What Kinds of People Prefer In-Person vs. Zoom?

In these Covid times, we’ve all done more video chatting than ever before. Some people love it. Some people are missing in-person.

What are the personality, cognitive, and communication style correlates with someone preferring Zoom/video chat meetings to in-person or vice versa? This is not an exhaustive list of pros and cons of video vs. in-person companies or meetings, but specific to the individual personalities of people who seem to prefer one over the other.

People who prefer in-person meetings tend to be:

Extroverts. Extroverts report that socializing makes them feel *more* energized, whereas introverts get their batteries drained and then need solitude to recharge. In-person involves more energy transfer between and among the people involved than on a Zoom — either energy addition (for extroverts) or energy subtraction. (H/t ToddS)

Kinesthetically communicative. With physical touch, hugs, slaps, rubs, hand gestures, etc.

Good at reading other people’s body language. These tend to be people with a high degree of emotional intelligence which helps them read eye contact, body gestures, and “wayfind” in a conversation through subtle cues.

Physically attractive. And aware of how to use attractiveness in the room.

More “quiet” or reserved in meetings. Because they can get shouted over or interrupted more easily on videochat. In-person it’s easier for them to signal to a group, “I want to speak.”

“Personal” relationship builders who don’t always prioritize short term efficiency. These people bridge to personal topics as well as professional ones in meetings, broaching intimate topics based on the trust that’s usually only established in-person. Even if it means going off the agenda and “wasting” time to explore these areas.

People who prefer video chat meetings tend to be:

Introverts. For the inverse of the extravert reason above. Energy transfer in-person is more draining.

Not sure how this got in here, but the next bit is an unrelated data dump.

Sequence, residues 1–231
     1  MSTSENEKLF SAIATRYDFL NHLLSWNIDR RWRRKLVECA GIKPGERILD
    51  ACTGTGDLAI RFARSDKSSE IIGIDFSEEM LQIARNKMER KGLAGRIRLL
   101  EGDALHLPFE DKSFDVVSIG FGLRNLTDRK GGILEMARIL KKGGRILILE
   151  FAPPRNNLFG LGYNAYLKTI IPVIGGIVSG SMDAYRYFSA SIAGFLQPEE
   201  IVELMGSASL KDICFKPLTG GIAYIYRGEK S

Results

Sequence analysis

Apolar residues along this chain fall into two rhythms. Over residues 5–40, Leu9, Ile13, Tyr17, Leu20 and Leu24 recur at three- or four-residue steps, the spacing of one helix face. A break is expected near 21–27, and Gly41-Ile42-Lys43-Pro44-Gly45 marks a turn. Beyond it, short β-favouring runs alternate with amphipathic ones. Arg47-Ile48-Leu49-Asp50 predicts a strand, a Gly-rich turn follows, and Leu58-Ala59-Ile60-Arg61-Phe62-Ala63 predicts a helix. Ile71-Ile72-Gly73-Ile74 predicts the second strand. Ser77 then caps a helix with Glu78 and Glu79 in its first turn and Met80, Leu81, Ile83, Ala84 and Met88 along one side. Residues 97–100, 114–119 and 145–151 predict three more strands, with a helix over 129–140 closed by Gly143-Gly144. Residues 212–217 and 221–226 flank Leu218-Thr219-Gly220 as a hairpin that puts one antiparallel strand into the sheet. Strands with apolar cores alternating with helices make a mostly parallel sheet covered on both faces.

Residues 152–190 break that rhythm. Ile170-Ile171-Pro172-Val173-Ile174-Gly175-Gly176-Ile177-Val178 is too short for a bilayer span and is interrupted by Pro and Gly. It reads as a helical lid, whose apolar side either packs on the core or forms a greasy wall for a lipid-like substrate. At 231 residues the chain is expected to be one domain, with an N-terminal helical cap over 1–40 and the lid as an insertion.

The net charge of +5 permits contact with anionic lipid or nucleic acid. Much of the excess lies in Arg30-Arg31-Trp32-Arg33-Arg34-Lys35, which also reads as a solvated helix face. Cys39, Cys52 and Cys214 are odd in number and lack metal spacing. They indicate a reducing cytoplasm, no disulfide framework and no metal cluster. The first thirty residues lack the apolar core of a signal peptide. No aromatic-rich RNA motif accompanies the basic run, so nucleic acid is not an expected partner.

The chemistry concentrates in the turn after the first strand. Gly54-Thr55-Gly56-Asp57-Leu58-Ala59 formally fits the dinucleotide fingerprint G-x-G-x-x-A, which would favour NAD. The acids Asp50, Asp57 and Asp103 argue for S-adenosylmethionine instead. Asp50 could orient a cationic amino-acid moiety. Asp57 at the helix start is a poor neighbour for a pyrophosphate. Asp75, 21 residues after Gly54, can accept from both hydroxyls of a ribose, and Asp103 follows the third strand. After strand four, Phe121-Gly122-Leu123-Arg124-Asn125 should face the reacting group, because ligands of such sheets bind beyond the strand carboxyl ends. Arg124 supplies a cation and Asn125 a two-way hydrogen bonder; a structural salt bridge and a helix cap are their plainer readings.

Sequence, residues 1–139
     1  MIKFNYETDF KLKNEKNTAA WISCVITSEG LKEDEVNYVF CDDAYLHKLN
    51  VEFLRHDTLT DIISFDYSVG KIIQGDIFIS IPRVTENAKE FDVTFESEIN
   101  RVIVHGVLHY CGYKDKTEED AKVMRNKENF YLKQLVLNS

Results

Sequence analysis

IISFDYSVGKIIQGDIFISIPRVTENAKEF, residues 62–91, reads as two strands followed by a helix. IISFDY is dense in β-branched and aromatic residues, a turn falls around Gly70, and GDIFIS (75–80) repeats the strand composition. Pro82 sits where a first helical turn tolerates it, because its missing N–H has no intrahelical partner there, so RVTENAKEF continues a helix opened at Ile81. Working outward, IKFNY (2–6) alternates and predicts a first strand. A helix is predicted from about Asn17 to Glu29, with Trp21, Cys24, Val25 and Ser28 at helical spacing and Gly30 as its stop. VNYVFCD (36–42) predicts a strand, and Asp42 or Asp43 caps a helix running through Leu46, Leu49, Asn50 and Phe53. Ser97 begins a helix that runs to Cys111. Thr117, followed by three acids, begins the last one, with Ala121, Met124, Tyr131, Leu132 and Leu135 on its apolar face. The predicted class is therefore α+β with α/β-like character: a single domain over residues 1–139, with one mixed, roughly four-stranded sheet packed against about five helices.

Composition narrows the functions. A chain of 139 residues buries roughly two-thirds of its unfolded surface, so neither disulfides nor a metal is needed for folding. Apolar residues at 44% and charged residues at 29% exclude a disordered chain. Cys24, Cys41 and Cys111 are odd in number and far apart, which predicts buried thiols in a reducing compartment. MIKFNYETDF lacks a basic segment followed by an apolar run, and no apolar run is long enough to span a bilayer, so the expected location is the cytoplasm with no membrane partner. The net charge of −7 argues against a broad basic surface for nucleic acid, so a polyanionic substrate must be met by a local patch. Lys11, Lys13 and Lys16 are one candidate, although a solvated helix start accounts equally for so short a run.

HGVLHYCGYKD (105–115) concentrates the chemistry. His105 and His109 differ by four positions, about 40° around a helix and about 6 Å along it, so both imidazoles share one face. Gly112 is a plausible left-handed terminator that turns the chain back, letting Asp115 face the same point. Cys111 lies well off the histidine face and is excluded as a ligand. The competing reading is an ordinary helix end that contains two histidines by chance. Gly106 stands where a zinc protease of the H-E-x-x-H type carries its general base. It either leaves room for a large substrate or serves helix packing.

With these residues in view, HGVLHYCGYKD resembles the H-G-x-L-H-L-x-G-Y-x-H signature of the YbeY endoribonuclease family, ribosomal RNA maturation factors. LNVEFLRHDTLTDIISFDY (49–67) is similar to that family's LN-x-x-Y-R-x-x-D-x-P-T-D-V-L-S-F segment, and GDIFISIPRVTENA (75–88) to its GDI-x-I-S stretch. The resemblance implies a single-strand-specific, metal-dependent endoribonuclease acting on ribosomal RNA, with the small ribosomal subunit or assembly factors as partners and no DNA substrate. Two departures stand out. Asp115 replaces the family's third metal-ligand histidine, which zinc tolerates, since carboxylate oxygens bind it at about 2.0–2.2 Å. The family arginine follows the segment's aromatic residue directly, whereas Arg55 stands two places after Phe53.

Focused on efficiency and productivity in meetings in the micro sense. There’s less random chit chat on a Zoom. On a video meeting, you get straight to the agenda, usually. If you don’t love small talk, you get to skip a lot of that when doing a video meeting. Easy to do a 15 minute video call; not easy to do a 15 minute coffee meeting.

Focused on efficiency and productivity in the macro sense. You can do 12 back to back Zooms in one day. No travel time. No walking between meetings. No down time. All meetings, all the time.

People who are socially awkward in person. Or people with body image issues. If your physical appearance isn’t a plus — Zoom helps level the playing field.

People with high computer cognitive skills and good multitasking skills. They can multitask while on a Zoom and get more done. In-person, you can more easily be “caught” and seen as rude if you’re multi-tasking in a meeting.

The fourth dimension

Myself? I find a lot to like about both videochat and in person. One of our founders recently said: In-person for innovation; remote for iteration. I think that captures it well: In-person seems superior for the most complex conversations. Videochat works well for small iterations on top of an agreed plan.